Since evidence of the NSA’s widespread spying programs first surfaced in June, the prevailing line from Washington has been that any intelligence collected on US citizens is an unintended consequence of hunting for terrorist threats, and that the agency’s operations are strictly overseen by the Foreign Intelligence Surveillance Court. But according to two new articles from the Washington Post, not only has the agency violated the rules thousands of times in 2011 and 2012, the FISC says it’s forced to rely on the veracity of government reports for enforcement, severely limiting its ability to provide meaningful oversight to the programs.
According to a leaked top-secret audit prepared for NSA officials, the agency racked up 2,776 policy violations related to the collection and handling of legally protected communications in the 12 months before May 2012. The audit states that nearly all of the incidents were the result of errors committed either by the operator or the software, for example, failing to sufficiently narrow a search with appropriate delimiters, or the inability to get real-time information about a target's whereabouts. One such error led to the interception of a "large number" of phone calls originating in Washington when the area code 202 was mistaken for 20, the international dialing code for Egypt.
Numbers would be significantly higher if they included other NSA units
The report shows a sharp increase in the number of incidents between April 2011 and May 2012 related to Executive Order 12333, which lays out the roles and responsibilities of the various US intelligence agencies. An unnamed NSA official insisted that the total number of incidents was small when considered in context, saying "you look at a number in absolute terms that looks big, and when you look at it in relative terms, it looks a little different." The Post points out that the numbers revealed in the audit are only for the NSA’s Fort Meade headquarters, and would be significantly higher if they included other NSA units and collection centers.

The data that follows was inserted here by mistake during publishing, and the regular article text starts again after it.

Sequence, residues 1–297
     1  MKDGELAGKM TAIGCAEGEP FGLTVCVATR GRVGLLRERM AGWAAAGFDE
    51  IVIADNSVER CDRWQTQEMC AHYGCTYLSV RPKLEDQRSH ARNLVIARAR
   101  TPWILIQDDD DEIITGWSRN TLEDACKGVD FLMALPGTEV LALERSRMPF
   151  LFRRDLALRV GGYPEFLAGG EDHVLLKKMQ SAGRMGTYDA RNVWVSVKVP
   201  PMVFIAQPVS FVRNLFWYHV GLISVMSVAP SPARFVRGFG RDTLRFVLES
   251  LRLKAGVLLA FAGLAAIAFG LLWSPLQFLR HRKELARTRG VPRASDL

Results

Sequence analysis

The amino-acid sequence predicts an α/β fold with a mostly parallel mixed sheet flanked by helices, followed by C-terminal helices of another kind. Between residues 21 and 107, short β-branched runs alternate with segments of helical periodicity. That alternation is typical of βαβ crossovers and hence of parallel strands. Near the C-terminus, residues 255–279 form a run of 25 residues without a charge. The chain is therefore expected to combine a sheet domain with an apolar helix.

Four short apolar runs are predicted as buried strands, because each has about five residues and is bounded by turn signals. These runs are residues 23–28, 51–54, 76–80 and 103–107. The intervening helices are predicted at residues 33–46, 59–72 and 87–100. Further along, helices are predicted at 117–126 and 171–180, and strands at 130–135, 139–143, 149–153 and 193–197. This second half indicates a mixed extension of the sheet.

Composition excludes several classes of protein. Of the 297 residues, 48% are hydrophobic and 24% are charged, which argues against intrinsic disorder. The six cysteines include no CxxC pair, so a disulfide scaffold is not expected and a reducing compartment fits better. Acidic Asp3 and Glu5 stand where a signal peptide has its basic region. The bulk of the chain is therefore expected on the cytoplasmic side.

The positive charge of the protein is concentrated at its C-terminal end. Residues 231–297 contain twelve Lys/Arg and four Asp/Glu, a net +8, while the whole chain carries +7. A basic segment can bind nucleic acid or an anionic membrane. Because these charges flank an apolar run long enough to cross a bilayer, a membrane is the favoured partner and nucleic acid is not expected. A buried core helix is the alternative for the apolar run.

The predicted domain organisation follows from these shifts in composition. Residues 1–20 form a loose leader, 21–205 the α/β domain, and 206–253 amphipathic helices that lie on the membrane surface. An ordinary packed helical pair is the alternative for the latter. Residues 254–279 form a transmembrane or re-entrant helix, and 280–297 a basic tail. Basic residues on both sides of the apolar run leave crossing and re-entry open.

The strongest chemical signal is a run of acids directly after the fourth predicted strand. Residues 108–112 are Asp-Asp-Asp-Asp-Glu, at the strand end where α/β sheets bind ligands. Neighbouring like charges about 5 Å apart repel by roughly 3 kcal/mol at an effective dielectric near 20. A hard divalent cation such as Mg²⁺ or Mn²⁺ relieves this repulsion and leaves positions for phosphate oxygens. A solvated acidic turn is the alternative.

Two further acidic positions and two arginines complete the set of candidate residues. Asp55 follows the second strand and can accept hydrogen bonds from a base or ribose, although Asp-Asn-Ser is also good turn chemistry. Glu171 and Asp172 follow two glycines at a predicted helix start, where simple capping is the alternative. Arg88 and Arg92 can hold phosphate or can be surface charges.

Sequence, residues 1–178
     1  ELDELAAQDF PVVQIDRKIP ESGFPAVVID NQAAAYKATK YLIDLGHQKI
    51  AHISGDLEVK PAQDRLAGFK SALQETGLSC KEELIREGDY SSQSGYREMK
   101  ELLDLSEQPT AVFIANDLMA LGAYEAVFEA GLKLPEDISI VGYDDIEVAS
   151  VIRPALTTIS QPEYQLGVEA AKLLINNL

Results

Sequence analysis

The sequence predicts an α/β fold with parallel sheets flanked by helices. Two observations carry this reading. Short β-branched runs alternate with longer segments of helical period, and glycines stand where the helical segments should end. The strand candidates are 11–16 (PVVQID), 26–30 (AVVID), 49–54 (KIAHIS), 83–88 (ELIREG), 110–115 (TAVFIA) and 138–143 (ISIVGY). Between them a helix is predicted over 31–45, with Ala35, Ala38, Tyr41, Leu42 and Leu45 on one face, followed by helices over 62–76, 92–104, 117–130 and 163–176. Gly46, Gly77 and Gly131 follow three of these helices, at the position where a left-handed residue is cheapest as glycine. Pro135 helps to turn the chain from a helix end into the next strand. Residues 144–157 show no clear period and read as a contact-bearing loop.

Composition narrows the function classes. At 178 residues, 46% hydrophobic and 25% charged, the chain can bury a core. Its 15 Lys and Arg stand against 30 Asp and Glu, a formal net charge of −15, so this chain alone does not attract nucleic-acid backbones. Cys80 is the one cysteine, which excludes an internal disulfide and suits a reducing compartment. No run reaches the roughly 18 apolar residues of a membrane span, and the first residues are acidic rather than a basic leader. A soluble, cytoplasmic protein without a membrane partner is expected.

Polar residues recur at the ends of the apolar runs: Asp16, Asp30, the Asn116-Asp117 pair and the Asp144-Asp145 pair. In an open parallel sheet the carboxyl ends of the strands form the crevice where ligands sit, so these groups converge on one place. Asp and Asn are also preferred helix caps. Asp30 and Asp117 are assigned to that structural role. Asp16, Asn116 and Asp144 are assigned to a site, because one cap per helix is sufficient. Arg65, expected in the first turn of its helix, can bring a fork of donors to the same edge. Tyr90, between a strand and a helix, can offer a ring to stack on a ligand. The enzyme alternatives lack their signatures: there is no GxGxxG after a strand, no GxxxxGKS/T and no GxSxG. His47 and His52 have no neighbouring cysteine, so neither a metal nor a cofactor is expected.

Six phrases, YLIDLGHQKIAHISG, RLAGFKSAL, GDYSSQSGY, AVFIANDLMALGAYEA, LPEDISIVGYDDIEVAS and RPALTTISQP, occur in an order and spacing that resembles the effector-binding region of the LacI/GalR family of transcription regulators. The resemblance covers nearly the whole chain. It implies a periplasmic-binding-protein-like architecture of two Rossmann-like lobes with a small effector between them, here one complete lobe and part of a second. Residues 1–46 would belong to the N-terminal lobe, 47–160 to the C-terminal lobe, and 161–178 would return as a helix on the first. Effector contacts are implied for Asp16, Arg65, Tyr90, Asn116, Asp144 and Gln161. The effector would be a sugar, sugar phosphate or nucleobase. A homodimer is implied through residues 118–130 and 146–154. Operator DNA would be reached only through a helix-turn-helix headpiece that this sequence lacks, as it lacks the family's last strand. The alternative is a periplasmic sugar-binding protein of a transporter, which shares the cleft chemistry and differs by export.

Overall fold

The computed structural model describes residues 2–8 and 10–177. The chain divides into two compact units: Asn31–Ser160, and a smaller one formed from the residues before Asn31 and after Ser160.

The report lends credence to the idea that individual NSA analysts have significant latitude in their ability to query intelligence databases. At the same time, the audit's top secret classification underscores the gulf between the intelligence community’s public proclamations of rigor and restraint and what it acknowledges internally.
"The FISC is forced to rely upon the accuracy of information that is provided to the court."
To top things off, the secret court charged with overseeing the NSA’s intelligence gathering says that it has to take the government at its word when it says that these violations are genuine mistakes. US District Judge Reggie Walton tells the Post that "the FISC is forced to rely upon the accuracy of information that is provided to the court… The FISC does not have the capacity to investigate issues of noncompliance." The response stands in stark contrast to the administration's insistence that the NSA's programs are strictly supervised by the FISC. "They’ve got lifetime tenure as federal judges, and they’re empowered to look over our shoulder at the executive branch to make sure that these programs aren’t being abused," said the president at a June press conference.